BACKGROUND. Cost-effectiveness remains an issue surrounding the introduction of laparoscopic donor nephrectomy (LDN). METHODS. In a randomized controlled trial the cost-effectiveness of LDN versus mini-incision open donor nephrectomy (ODN) was determined. Fifty donors were included in each group. All in-hospital costs were documented. Postoperatively, case record forms were sent to the donors during 1-year follow-up to record return-to-work and societal costs. To offset costs against quality of life, the Euroqol-5D questionnaire was administered preoperatively and 3, 7, 14, 28, 90, 180, and 365 days postoperatively. RESULTS. Mean total costs were €6,090 (US$7,308) after LDN and €4,818 ($5,782) after ODN (P<0.001). Disposables influenced the cost difference most. Mean productivity loss was 68 and 75 days after LDN and ODN respectively, corresponding to €783 ($940) gained per donor after LDN. The main gain in quality of life in the LDN group was realized within 4 weeks postoperatively. LDN resulted in a mean gain of 0.03 quality-adjusted life years at mean costs of €1,271 ($1,525) and €488 ($586) from a healthcare perspective and a societal perspective, respectively. This implies that one additional Quality-Adjusted Life Year after LDN costs about €16,000 ($19,200) from a societal point of view and about €41,000 ($49,200) from a health-care perspective. Activities other than work were resumed significantly earlier after LDN (66 vs. 91 days, P=0.01). CONCLUSION. In addition to a clinically relevant donor-experienced benefit from LDN, this technique appeared, given a societal perspective, a cost-efficient procedure mainly due to less productivity losses.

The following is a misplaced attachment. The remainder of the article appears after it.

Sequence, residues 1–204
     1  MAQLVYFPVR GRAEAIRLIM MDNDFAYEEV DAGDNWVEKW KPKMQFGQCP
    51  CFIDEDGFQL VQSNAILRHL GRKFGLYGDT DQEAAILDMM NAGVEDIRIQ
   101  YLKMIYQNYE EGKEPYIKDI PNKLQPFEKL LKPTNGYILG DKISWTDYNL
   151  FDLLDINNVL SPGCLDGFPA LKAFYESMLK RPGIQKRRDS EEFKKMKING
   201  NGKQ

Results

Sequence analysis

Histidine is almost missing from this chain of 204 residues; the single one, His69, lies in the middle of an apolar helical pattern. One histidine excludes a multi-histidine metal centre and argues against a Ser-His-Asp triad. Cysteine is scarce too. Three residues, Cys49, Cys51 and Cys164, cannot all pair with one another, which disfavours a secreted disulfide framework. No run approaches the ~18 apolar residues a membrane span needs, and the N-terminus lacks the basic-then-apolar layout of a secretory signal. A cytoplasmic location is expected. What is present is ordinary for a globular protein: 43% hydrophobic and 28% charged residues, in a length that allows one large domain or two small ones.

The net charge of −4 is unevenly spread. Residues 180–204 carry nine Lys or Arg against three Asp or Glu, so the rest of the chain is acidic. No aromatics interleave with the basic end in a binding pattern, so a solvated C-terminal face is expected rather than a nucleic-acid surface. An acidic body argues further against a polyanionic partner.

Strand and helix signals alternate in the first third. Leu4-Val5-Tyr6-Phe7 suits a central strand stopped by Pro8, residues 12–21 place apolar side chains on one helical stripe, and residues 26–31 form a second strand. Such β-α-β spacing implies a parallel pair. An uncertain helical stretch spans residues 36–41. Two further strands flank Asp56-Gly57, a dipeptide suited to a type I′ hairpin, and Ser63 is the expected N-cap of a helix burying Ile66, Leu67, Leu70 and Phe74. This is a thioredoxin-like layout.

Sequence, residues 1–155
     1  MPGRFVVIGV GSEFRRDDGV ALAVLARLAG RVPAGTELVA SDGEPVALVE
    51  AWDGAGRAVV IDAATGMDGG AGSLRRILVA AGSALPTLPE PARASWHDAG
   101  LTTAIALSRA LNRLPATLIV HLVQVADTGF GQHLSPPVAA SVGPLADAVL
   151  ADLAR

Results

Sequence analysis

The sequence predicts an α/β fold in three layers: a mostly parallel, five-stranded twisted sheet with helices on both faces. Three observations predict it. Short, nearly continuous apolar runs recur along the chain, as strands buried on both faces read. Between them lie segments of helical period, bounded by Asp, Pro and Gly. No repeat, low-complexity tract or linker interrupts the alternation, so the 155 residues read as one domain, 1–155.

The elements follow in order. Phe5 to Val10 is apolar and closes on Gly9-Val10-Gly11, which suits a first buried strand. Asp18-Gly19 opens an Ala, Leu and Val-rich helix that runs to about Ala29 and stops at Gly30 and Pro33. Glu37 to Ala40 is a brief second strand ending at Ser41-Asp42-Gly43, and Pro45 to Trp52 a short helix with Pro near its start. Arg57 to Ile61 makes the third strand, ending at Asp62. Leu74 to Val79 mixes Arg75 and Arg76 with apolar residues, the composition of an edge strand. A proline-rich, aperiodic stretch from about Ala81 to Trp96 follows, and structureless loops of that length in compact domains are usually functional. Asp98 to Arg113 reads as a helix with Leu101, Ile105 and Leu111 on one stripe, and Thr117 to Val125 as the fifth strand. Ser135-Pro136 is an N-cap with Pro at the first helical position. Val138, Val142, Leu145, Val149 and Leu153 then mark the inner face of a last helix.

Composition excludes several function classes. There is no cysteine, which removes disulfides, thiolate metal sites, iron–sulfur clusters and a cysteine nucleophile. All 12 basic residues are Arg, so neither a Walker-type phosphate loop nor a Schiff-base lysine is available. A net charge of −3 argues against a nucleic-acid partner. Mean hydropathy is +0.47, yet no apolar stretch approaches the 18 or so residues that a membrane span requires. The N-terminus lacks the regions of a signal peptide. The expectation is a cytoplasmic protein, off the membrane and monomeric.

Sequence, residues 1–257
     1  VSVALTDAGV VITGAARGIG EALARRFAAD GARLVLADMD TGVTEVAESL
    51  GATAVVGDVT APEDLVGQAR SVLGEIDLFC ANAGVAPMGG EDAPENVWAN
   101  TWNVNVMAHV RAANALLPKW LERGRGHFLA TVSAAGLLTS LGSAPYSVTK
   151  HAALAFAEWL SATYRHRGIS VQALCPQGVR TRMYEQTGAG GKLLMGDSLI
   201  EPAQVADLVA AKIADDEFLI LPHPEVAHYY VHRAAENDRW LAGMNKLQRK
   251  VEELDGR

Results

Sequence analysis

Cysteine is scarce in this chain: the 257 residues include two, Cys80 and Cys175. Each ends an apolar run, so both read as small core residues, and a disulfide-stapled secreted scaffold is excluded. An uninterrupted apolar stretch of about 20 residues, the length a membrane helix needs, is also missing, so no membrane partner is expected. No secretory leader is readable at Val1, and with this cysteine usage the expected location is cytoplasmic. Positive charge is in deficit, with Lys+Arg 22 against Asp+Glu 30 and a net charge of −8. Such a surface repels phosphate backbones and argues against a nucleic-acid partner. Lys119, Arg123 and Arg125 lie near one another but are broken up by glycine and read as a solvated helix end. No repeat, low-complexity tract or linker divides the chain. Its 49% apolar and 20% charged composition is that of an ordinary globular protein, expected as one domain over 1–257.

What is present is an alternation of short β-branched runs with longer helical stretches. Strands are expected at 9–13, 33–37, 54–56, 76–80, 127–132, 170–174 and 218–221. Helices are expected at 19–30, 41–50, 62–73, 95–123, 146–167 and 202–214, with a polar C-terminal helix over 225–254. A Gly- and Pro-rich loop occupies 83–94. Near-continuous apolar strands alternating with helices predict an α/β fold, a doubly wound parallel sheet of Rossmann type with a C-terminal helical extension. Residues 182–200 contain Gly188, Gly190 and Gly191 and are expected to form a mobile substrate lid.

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Erasmus MC: University Medical Center Rotterdam

Kok, N., Adang, E., Hansson, B., Dooper, I., Weimar, W., van der Wilt, G.-J., & IJzermans, J. (2007). Cost effectiveness of laparoscopic versus mini-incision open donor nephrectomy: A randomized study. Transplantation, 83(12), 1582–1587. doi:10.1097/